Some time ago I received a phone call from a friend. She was late in the third trimester of her second pregnancy. She had been experiencing swelling and high blood pressure, and at her last appointment was told that she was spilling protein. Her doctor casually mentioned “preeclampsia.” So she called me.
I asked my friend for her lab numbers. And honestly, I was worried. Something was definitely going on. I know my story is the very rare worst case scenario, so I always consciously try to walk the fine line between trying to educate people about this little-known condition and, well, stepping out of place.
But my friend called for advice, so I tried to give it in a calm, non-alarmist manner.
I casually suggested that my friend buy a blood pressure cuff and that she push her doctor to do a 24 hour urine test. But it was the strangest thing. . . after calling me for advice – she kind of brushed me off! Denial, no doubt. But the most troubling part was that it seemed as if her doctor was being rather lackadaisical about the situation, too. But whatever. “Well, trust your doctor, I suppose. I’m sure he knows what’s best. . .”
After that, I called my friend several times to check up on her.
“So, how was your blood pressure today?,” I asked.
“Oh, a little high, but they did another ultrasound and the baby looks great!”
“Yes, but what about protein? Are you still spilling protein?”
“Yeah, I think that’s gone up a little, too. But the baby still has plenty of amniotic fluid, so that’s good!”
“Yes, but. . .
“And he’s still measuring right on track!”
“Yes, but. . .”
She kept insisting. . .
And I just wanted to scream: IT DOESN’T MATTER!!!
Let me tell you about our babies. They were beautiful. And perfect. Measured right on track. Perfect levels of amniotic fluid. Ten fingers and ten toes.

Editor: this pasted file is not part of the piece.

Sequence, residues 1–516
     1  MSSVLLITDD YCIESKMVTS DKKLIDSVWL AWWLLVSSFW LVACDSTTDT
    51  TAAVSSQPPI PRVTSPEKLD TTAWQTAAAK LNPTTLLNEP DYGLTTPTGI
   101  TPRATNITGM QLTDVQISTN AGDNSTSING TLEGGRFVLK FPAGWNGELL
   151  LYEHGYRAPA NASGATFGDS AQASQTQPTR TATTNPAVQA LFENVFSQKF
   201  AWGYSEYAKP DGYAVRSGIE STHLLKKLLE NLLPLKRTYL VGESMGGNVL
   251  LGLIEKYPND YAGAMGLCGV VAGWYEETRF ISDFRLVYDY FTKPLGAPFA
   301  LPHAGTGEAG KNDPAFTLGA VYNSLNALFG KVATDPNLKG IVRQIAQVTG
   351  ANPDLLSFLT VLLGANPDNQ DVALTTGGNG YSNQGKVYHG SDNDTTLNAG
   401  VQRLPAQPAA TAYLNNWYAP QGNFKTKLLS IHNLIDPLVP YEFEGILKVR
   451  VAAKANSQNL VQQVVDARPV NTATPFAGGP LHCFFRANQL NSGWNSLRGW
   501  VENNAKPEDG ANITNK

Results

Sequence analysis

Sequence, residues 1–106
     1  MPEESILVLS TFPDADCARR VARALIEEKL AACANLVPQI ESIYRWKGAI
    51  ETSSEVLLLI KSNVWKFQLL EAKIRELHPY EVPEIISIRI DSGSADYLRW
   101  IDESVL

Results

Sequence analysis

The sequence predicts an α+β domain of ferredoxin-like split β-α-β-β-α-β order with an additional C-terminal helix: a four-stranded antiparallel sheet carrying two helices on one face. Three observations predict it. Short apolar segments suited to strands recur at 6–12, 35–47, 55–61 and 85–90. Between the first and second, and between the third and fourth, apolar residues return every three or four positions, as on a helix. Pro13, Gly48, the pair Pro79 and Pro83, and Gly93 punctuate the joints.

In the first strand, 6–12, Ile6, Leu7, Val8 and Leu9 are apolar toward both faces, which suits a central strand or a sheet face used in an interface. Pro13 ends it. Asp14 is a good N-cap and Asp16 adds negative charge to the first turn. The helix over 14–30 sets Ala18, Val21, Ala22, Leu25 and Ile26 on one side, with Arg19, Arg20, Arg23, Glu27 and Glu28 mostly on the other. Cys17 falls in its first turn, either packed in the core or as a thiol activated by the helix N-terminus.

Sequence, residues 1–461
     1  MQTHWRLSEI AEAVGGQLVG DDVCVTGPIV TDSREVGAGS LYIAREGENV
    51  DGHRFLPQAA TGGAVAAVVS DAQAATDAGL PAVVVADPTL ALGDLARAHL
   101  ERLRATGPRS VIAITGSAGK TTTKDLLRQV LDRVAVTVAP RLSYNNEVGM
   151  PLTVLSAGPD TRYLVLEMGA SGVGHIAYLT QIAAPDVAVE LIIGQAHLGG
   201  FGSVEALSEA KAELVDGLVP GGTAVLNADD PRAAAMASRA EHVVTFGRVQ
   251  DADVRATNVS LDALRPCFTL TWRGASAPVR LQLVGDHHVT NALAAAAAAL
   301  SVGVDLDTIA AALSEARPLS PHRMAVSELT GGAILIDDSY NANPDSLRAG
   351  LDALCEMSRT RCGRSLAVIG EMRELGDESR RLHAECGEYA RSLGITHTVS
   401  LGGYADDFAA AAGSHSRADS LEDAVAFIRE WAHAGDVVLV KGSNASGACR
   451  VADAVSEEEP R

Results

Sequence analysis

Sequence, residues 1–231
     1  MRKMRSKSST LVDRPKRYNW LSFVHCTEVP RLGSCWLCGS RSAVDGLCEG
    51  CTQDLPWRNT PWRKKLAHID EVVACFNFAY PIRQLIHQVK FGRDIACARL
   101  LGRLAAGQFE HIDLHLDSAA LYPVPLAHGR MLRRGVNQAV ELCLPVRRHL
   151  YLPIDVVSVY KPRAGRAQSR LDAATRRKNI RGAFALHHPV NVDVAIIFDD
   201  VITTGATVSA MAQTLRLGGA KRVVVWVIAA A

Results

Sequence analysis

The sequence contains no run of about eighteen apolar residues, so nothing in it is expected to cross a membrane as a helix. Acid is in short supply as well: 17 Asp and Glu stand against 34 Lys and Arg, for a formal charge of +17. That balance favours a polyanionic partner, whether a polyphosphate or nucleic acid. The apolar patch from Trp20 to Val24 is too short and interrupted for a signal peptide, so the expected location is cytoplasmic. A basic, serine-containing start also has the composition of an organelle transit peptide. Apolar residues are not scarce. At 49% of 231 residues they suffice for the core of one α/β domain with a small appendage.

But it wasn’t enough.
People always worry and talk about the baby’s health. But what about the mother?
See, that’s the thing about preeclampsia/ HELLP Syndrome. (And, I suspect, the thing about preterm labor and placental abruptions and incompetent cervixes, and a whole host of other conditions about which I do not know enough to address.) It’s not a condition of the baby. Preeclampsia certainly affects the baby; it can cause IUGR or low amniotic fluid or, obviously, prematurity and death. But it’s not a condition of the baby.
It’s a condition of the mother.
Here in the south we have a saying: If mama ain’t happy, ain’t nobody happy. (I suspect that there is a comparable northern saying that simply involves better grammar.) But what about – if mama ain’t healthy, ain’t nobody healthy?
And I’m not talking “not healthy” as in the mother drinks a gallon of Jack and smokes a carton of cigarettes a day. In the case of preeclampsia, I’m talking “not healthy” as in the mother’s body rejects – violently and unequivocally rejects - the foreign matter inside it. The foreign matter that, for years, was dreamt about, and hoped for, and prayed for, and cried for (and, quite frankly, paid for).
Women like my friend like to talk about A Mother’s Love; about how they've never known a love so great and how they’d do anything for their children. Well, I’m here to tell you this – I would have done anything for those babies. I would have given my life.
Take me, not them I wanted to beg the doctors - even as they were explaining to me that that simply wasn't possible. Even if I had given my life – even if I had died right then– they still would have died, too. Not because anything was wrong with them. They were just too small to make it. They died all because I wasn’t healthy.
So, did I say all this to my friend? No, of course not. I just kept trying to steer her with the “Yes, but’s. . .,” while silently begging her to keep an eye on her own health for the sake of them both. And I kept listening to her carry on – insisting – about how perfect her baby was.
And then I got off the phone, and whispered to myself. . . Mine were, too.
MINE WERE, TOO.
(Of course, all babies are perfect and the above is not to say or suggest anything about those who have died because of his or her own health condition. I'm just sharing the other side of the story which is apparently little known to those outside our community).